When a homeowner suffers a loss and files a claim with their insurance company, many times the company responds by raising the homeowner’s premium or refusing to renew the policy. A new report by the Rutgers Center for Risk and Responsibility at Rutgers Law School in Camden, N.J., is offering recommendations to state lawmakers to ban the practice known as “Use It and Lose It.”
“It’s wrong, and states need to prohibit it,” says Jay Feinman, co-director of the Rutgers center and a distinguished professor at the law school. “Homeowners shouldn’t be penalized by their insurance companies because they actually use their insurance.”
The report, “State Rankings of Homeowners Insurance Protections: ‘Use It and Lose It,’” is part of the Essential Protections for Policyholders project, an initiative of the Rutgers Center for Risk and Responsibility in cooperation with United Policyholders, an advocacy organization and information resource for insurance consumers.
As part of the project, Feinman studied how states address the practice of “Use It and Lose It.”
The key findings of the report show that 18 states have no explicit protection against “Use It and Lose It.” The report ranks each state by the level of protections it provides for policyholders, with one star for offering little protection, up to five stars for strong protections.
Rhode Island and Texas received a five-star ranking for providing the best protection for consumers from improper rate increases and non-renewals for inquiries, claims closed without payment, and a single claim. No other state received five stars; Oklahoma and Washington D.C. each earned 4.5 stars.
Pennsylvania and Delaware each received four stars out of five. Both states have strong protections against an insurance company not renewing a policy because of an inquiry or claim, but Feinman says they could do better in preventing premium increases because of claims. Louisiana, Maryland, Minnesota and Montana also received four stars.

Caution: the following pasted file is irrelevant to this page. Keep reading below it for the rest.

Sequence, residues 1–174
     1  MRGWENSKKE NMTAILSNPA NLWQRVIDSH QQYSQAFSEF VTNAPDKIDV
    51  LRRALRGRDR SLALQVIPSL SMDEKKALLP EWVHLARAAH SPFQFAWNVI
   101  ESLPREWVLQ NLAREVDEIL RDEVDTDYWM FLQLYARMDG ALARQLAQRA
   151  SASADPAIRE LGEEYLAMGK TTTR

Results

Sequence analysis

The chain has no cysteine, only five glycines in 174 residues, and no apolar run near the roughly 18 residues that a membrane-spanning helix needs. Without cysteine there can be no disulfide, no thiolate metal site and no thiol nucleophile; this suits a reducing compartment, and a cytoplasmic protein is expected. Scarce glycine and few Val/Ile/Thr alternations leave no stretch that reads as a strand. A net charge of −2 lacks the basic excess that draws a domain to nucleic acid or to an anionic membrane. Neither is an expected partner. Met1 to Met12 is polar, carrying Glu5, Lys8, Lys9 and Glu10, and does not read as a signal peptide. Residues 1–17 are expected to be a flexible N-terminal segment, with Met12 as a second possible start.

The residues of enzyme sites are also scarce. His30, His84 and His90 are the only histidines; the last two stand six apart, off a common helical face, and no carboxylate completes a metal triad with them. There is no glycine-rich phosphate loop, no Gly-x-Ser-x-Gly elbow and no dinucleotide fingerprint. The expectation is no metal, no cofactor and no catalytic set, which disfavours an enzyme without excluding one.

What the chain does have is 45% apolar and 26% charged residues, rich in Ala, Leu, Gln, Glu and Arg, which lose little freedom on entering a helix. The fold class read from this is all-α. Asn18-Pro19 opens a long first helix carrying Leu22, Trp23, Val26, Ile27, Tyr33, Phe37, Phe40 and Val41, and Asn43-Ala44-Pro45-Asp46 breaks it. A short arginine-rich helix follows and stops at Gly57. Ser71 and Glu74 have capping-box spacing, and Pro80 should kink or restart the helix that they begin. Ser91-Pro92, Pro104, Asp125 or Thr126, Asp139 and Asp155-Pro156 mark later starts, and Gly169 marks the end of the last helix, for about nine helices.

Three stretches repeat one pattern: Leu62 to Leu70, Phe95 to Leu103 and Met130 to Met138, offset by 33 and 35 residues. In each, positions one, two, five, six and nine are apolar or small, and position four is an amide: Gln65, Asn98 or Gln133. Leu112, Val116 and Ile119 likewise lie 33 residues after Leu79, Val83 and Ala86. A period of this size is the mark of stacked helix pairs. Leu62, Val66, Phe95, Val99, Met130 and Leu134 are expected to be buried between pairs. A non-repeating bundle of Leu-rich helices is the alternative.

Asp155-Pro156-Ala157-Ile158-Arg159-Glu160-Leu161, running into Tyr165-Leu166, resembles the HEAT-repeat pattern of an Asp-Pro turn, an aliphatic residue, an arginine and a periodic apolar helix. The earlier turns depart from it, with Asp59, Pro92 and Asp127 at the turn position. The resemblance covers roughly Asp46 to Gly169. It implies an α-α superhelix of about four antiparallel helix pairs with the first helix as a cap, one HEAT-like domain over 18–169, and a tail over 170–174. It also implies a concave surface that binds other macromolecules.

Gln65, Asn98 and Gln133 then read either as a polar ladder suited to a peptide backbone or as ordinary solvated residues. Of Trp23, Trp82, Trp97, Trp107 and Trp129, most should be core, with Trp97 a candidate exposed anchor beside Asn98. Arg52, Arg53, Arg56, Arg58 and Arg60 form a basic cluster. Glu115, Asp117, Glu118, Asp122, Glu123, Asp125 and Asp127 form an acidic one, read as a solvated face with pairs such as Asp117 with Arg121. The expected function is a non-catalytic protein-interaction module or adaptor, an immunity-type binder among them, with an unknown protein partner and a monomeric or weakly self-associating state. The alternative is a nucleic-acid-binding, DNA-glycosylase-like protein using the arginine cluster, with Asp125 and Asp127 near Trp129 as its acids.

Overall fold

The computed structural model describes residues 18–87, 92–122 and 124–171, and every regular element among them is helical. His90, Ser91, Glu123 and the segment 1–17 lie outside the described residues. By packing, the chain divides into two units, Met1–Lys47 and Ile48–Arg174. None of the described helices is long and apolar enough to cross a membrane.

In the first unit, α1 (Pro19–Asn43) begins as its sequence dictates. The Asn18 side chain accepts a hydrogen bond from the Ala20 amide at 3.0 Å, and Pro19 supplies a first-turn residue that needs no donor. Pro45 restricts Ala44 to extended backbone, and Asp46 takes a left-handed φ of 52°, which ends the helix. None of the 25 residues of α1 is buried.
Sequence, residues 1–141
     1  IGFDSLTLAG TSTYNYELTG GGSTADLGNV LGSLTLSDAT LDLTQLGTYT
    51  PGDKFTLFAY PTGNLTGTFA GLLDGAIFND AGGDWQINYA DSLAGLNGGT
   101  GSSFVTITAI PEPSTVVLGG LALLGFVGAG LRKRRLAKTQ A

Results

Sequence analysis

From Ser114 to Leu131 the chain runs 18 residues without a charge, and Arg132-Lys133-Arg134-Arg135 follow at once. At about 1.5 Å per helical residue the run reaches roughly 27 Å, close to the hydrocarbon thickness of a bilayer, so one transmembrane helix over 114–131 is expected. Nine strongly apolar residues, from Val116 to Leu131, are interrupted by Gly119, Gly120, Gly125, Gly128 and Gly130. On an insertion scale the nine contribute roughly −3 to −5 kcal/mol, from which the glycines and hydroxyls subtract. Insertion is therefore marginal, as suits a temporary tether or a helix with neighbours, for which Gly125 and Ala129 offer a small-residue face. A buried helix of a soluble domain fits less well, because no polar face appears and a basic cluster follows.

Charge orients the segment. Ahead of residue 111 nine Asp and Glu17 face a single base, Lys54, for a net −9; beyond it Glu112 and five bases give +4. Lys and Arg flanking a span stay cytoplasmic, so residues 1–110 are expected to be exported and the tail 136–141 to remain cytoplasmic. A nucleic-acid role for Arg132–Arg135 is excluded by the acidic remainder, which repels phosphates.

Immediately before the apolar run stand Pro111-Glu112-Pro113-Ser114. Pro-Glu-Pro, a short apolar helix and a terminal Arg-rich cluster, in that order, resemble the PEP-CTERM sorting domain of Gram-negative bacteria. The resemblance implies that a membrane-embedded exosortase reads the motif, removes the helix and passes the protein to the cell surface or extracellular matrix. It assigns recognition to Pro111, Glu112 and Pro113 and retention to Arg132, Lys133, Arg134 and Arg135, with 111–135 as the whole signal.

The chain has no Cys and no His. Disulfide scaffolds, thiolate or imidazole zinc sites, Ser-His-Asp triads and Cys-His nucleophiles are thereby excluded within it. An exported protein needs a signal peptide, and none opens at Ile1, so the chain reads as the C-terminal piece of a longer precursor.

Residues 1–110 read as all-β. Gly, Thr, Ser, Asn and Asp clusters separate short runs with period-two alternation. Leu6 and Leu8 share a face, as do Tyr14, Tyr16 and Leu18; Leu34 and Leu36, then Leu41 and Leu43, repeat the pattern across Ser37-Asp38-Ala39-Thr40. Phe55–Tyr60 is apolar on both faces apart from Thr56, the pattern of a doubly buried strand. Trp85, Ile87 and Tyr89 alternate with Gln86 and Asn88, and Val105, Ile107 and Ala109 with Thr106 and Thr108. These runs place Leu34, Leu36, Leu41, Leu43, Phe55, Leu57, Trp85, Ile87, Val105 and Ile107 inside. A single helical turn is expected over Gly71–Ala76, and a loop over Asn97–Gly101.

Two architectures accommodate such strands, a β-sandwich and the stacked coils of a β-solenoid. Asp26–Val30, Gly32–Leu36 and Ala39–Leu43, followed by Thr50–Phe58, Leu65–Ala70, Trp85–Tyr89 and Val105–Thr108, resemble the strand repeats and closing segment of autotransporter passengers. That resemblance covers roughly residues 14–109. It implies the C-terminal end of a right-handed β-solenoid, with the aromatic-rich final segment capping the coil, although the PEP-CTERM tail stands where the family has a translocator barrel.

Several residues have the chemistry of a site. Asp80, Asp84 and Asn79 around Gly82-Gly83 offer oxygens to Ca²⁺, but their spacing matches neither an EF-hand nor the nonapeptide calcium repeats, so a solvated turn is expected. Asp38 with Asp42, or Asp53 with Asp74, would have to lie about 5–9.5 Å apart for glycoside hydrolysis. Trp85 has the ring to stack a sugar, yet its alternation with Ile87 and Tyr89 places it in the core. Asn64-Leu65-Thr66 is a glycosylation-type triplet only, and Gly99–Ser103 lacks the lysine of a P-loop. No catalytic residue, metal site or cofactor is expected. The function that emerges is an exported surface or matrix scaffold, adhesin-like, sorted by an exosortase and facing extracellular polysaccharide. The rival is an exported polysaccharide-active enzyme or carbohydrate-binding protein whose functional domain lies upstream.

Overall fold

New Jersey earned a three-star rating for providing protection against non-renewal because of inquiries and weather-related claims but not for other kinds of claims such as when a pipe bursts, causing water damage. In addition, says Feinman, New Jersey laws don’t adequately protect against premium increases.
New York received a one-star rating for having no statutory prohibition on using an inquiry or a single claim as a basis for premium increase or non-renewal.
Twenty-one states overall received the one-star rating (see the complete state rankings below).
The Essential Protections report recommends ways that states can protect consumers. It suggests enacting laws that prohibit insurance companies from imposing a surcharge or a premium increase or not renewing a policy based on a single claim within three years, a claim that results in no payment by the company, an inquiry by a policyholder that does not result in a claim, or a single claim for loss caused by weather or a natural disaster.
“Consumer protection laws need to keep pace with changes in the marketplace,” says Amy Bach, executive director of United Policyholders. “Data mining and information sharing by insurance companies has put consumers at a costly disadvantage that needs to be remedied. State regulators and lawmakers don’t have to reinvent the wheel to fix this problem. A number of states have it right. Others can easily follow.”
The report has been distributed to insurance commissioners in every state. The entire report is available at epp.law.rutgers.edu.
Future reports from the Essential Protections project will evaluate states on how much information they provide to consumers shopping for insurance and what remedies are available when insurance companies unreasonably deny claims.
• Do you get blowback from clients about rates skyrocketing or their policies are not renewed following homeowners claims? Please comment on this thread: ‘Use It and Lose It’ homeowners coverage
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